|Publication number||US6962604 B2|
|Application number||US 09/777,387|
|Publication date||8 Nov 2005|
|Filing date||6 Feb 2001|
|Priority date||5 Oct 1999|
|Also published as||CA2387682A1, CA2387682C, DE60007339D1, DE60007339T2, EP1217969A1, EP1217969B1, EP1217969B9, US6302907, US20010010015, WO2001024735A1|
|Publication number||09777387, 777387, US 6962604 B2, US 6962604B2, US-B2-6962604, US6962604 B2, US6962604B2|
|Inventors||Lukas J. Hijlkema|
|Original Assignee||Scimed Life Systems, Inc.|
|Export Citation||BiBTeX, EndNote, RefMan|
|Patent Citations (16), Non-Patent Citations (1), Referenced by (32), Classifications (10), Legal Events (2)|
|External Links: USPTO, USPTO Assignment, Espacenet|
This application is a continuation of application Ser. No. 09/412,817, filed Oct. 5, 1999 now U.S. Pat. No. 6,302,907.
The present invention relates generally to endoluminal grafts or “stents” and, more specifically, to a flexible stent advantageous for use in a curved or tortuous lumen.
A stent is an elongated device used to support an intraluminal wall. In the case of a stenosis, a stent provides an unobstructed conduit for blood in the area of the stenosis. An intraluminal prosthesis may comprise a stent that carries a prosthetic graft layer of fabric. Such a prosthesis may be used, for example, to treat a vascular aneurysm by removing the pressure on a weakened part of an artery so as to reduce the risk of rupture. Typically, an intraluminal stent or prosthesis is implanted in a blood vessel at the site of a stenosis or aneurysm endoluminally, i.e. by so-called “minimally invasive techniques” in which the stent, restrained in a radially compressed configuration by a sheath or catheter, is delivered by a stent deployment system or “introducer” to the site where it is required. The introducer may enter the body through the patient's skin, or by a “cut down” technique in which the entry blood vessel is exposed by minor surgical means. When the introducer has been threaded into the body lumen to the stent deployment location, the introducer is manipulated to cause the stent to be ejected from the surrounding sheath or catheter in which it is restrained (or alternatively the surrounding sheath or catheter is retracted from the stent), whereupon the stent expands to a predetermined diameter at the deployment location, and the introducer is withdrawn. Stent expansion may be effected by spring elasticity, balloon expansion, or by the self-expansion of a thermally or stress-induced return of a memory material to a pre-conditioned expanded configuration.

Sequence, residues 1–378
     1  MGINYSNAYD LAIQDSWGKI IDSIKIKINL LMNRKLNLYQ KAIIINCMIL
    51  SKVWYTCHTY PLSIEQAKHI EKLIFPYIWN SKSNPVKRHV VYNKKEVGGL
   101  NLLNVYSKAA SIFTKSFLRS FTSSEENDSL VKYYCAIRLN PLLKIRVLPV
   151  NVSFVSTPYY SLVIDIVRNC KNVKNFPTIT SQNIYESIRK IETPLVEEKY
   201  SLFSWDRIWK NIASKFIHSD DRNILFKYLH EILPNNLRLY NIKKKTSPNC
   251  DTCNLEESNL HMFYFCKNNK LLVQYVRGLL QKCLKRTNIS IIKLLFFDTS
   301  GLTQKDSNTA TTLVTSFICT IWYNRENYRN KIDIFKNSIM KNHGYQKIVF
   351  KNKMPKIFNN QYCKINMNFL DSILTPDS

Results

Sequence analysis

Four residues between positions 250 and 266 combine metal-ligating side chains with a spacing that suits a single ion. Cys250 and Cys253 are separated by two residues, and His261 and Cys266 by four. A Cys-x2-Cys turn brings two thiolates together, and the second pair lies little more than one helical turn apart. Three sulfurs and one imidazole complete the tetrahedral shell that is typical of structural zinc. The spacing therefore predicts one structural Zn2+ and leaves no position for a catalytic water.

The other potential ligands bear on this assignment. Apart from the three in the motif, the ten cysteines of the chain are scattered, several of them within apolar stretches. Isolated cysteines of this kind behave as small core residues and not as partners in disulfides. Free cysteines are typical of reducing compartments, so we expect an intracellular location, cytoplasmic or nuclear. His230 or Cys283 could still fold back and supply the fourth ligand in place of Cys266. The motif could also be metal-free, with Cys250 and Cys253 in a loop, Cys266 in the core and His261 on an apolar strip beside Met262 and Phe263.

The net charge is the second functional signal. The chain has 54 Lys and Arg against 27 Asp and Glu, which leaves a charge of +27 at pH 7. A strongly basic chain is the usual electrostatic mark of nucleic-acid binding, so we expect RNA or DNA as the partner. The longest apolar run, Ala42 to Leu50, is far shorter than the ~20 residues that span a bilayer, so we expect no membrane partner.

Some locations in which stents may be implanted are tortuous in nature, such as the aortic arch for thoracic aneurysm treatment. Additionally, the aneurysm may gradually change in volume after implantation of the stent (known in the art as D3 and H3 shrinkage). Known stents may not be flexible enough to adjust to the tortuosity of the lumen along its length or to changes in the aneurysm after implantation. Thus, it would be useful to have a more flexible stent to accommodate such situations.
The present invention comprises a generally tubular intraluminal compound stent comprising a plurality of component stents, each component stent having a length and a plurality of individual hoops axially disposed along the length and connected by a connecting spine. The component stents are meshed with one another such that at least one hoop of one component stent is positioned between axially adjacent hoops of another component stent. Each component stent may comprise a single wire, each hoop comprising a circumferential winding of the wire, and the connecting spine comprising at least one connecting spine member comprising an extension of the wire between adjacent hoops. Each connecting spine may traverse each component stent circumferentially in a helical pattern, wherein the spine of at least one component stent is oriented in a different helical direction than the helical direction of the spine of another component stent in the compound stent. The compound stent may consist essentially of a first component stent having a first connecting spine and a second component stent having a second connecting spine. The hoops of the first component stent may be axially interspersed with the hoops of the second component stent in an alternating pattern, such as a single hoop alternating pattern. The first connecting spine may be helically oriented in a clockwise direction and the second connecting spine oriented in a counter-clockwise direction.
Each hoop may further have a periphery comprising a pattern of zig-zags having apices, wherein adjacent hoops of the meshed stents are aligned such that the apices of adjoining hoops abut or are interdigitated with one another. The compound stent may further comprise connectors, such as sutures, connecting at least some of the abutting or interdigitated apices.
The invention also comprises a process for manufacture of a compound stent having a length, the method comprising creating a plurality of component stents, each component stent having a length and a plurality of hoops axially disposed along the length and connected by a connecting spine. The process comprises meshing the plurality of component stents together such that at least one hoop of one component stent is positioned between axially adjacent hoops of another component stent. Each hoop of each stent may further comprise a pattern of zig-zags having apices in which case the method further comprises meshing the component stents so that the apices of adjacent hoops of the meshed component stents abut or are interdigitated with one another. The process may further comprise connecting at least some of the abutting or interdigitated apices with one another. Creating each component stent may comprise creating each component stent by winding a single wire circumferentially to form each hoop and extending connecting spine members between adjacent hoops, aligning the connecting spine members such that the connecting spine members collectively form a connecting spine oriented in a helical pattern. In such case, the process further comprises creating at least one of the component stents with a connecting spine that traverses the component stent in a helical orientation opposite the helical orientation of the connecting spines of the other component stents, so that meshing the component stents together comprises crossing the oppositely-oriented helical spines in at least one location along the compound stent.